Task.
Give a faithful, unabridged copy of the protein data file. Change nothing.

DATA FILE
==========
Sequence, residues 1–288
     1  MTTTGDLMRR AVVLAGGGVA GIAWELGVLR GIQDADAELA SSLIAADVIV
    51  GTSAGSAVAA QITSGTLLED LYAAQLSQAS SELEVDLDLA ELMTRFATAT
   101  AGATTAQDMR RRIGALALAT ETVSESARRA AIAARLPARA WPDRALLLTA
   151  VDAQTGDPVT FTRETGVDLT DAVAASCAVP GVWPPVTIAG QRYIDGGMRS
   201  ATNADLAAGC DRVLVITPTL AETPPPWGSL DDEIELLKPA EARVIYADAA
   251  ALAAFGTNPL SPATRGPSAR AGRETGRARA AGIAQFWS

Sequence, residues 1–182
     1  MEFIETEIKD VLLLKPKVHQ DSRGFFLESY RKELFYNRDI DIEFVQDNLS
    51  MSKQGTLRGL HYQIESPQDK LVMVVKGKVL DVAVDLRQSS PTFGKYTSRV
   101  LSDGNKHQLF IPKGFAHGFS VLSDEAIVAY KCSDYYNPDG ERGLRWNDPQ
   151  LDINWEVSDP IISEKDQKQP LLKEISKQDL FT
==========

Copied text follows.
Sequence, residues 1–288
     1  MTTTGDLMRR AVVLAGGGVA GIAWELGVLR GIQDADAELA SSLIAADVIV
    51  GTSAGSAVAA QITSGTLLED LYAAQLSQAS SELEVDLDLA ELMTRFATAT
   101  AGATTAQDMR RRIGALALAT ETVSESARRA AIAARLPARA WPDRALLLTA
   151  VDAQTGDPVT FTRETGVDLT DAVAASCAVP GVWPPVTIAG QRYIDGGMRS
   201  ATNADLAAGC DRVLVITPTL AETPPPWGSL DDEIELLKPA EARVIYADAA
   251  ALAAFGTNPL SPATRGPSAR AGRETGRARA AGIAQFWS

Sequence, residues 1–182
     1  MEFIETEIKD VLLLKPKVHQ DSRGFFLESY RKELFYNRDI DIEFVQDNLS
    51  MSKQGTLRGL HYQIESPQDK LVMVVKGKVL DVAVDLRQSS PTFGKYTSRV
   101  LSDGNKHQLF IPKGFAHGFS VLSDEAIVAY KCSDYYNPDG ERGLRWNDPQ
   151  LDINWEVSDP IISEKDQKQP LLKEISKQDL FT